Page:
Is that a Banana in Your Pocket or Are You Radioactive?
- Jul 6, 2018 9:55 pm GMT
According to its Wikipedia entry, “banana equivalent dose (or BED) is a concept to place in scale the dangers of radiation by comparing exposures to the radiation generated by a common banana.”
Many foods are naturally radioactive, and bananas are particularly so, due to the radioactive potassium-40, or 40K they contain. Bananas are radioactive enough to regularly cause false alarms on radiation sensors used to detect possible illegal smuggling of nuclear material at US ports.
A medium sized banana contains about 450 mg of Potassium. 0.0117%, or about 53 μg of this being 40K. 53 μg of 40K produces 14 radioactive decays per second (dps), or 0.00037 μCi of radiation. If the banana is eaten, the dose equivalent is about 0.01 mrem. 0.01 mrem is equivalent to 0.1 μSv.
A radiation dose equivalent of 100 μSv (10 mrem, or 1,000 BED) increases an average adult human’s risk of death by about one micromort – the same risk as eating 40 tablespoons of peanut butter, or of smoking 1.4 cigarettes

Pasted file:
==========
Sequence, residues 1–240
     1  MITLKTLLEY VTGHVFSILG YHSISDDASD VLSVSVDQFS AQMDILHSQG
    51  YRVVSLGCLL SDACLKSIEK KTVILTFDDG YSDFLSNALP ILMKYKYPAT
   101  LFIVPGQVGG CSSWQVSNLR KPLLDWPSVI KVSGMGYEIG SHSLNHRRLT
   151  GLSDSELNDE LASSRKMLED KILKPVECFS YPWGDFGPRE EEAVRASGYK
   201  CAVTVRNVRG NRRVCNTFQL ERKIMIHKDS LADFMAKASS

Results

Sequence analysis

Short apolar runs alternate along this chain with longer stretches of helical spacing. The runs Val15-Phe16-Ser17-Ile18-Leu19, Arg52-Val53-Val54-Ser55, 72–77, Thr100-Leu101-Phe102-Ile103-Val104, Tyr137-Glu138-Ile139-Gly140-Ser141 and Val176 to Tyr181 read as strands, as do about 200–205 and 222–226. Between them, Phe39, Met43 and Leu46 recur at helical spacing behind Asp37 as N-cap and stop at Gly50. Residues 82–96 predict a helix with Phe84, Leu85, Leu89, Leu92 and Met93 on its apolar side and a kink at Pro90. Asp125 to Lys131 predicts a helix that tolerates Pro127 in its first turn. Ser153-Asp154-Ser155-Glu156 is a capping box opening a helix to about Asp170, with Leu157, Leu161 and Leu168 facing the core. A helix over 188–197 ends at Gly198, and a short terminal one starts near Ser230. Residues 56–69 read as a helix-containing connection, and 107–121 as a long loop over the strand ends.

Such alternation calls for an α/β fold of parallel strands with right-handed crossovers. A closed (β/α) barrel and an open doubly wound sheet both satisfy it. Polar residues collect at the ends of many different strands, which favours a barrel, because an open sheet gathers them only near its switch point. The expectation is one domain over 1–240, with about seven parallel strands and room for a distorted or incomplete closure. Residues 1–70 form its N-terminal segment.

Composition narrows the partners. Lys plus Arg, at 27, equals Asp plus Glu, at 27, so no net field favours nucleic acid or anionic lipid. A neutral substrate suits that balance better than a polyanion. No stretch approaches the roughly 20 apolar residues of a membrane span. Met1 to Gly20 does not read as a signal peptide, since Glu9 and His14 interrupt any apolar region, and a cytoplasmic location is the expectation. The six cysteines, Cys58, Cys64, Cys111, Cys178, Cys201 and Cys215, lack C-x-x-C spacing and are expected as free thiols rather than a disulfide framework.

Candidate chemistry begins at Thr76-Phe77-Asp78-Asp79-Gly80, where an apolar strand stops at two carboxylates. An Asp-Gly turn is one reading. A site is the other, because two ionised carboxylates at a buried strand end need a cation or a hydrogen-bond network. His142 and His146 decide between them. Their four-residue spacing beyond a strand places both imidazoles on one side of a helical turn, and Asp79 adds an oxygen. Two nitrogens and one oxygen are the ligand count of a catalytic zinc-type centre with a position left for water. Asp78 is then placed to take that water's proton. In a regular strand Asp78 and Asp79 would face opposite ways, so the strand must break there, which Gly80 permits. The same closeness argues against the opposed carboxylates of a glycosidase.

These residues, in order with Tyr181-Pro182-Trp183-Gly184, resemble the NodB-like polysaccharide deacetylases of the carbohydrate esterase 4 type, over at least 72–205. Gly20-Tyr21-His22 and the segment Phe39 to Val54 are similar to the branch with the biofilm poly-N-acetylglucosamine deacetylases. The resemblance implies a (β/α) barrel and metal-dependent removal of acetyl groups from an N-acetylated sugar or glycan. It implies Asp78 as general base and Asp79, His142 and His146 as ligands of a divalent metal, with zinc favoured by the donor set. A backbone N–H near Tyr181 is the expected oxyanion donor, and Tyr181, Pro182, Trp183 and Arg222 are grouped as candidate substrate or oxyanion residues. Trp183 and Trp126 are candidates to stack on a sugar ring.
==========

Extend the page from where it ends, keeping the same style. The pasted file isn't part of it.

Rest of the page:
Here is a link to the full entry: Banana Equivalent Dose.
In the coverage of the Japan’s Fukushima nuclear plants SI multiples have been used, including the millisievert and microsievert. There was some confusion about this yesterday in the news as a spike was observed.
A millisievert (mSv) is a thousandth of a sievert and a microsievert is a millionth of sievert. A chest x-ray has 0.1 mSv. (Peter Wehrwein, editor of the Harvard Health Letter, has a good discussion of the topic at the Harvard Health Blog.)
Yesterday’s spike at the Fukushima Dai-chi plant was 400 mSv per hour. Sounds like a bunch of bananas.
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